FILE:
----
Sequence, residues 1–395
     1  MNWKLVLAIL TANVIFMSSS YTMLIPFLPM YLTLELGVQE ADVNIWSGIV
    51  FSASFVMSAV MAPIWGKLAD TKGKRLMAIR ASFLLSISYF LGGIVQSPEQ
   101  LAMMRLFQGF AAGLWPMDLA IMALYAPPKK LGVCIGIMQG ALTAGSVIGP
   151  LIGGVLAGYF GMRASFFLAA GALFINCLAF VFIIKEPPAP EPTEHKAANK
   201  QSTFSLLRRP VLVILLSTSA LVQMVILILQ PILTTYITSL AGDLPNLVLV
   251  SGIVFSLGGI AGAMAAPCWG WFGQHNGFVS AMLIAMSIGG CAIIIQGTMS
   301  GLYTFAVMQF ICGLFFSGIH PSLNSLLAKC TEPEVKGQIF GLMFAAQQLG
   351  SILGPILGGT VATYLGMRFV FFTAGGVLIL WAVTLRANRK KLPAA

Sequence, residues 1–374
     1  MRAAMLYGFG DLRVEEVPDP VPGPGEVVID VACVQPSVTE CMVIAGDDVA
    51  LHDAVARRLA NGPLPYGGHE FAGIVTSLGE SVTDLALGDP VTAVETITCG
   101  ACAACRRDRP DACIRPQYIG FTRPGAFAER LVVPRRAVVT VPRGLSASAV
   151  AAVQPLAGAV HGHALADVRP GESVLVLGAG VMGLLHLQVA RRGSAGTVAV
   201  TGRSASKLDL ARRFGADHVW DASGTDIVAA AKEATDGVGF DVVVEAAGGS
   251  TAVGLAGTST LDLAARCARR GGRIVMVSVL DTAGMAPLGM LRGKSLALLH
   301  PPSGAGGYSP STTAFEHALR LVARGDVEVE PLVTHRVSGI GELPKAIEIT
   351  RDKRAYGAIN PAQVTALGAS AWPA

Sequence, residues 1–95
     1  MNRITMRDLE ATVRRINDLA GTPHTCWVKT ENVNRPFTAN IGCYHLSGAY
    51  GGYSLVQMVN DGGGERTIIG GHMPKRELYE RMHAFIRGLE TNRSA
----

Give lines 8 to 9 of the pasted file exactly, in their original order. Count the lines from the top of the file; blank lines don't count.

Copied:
   301  GLYTFAVMQF ICGLFFSGIH PSLNSLLAKC TEPEVKGQIF GLMFAAQQLG
   351  SILGPILGGT VATYLGMRFV FFTAGGVLIL WAVTLRANRK KLPAA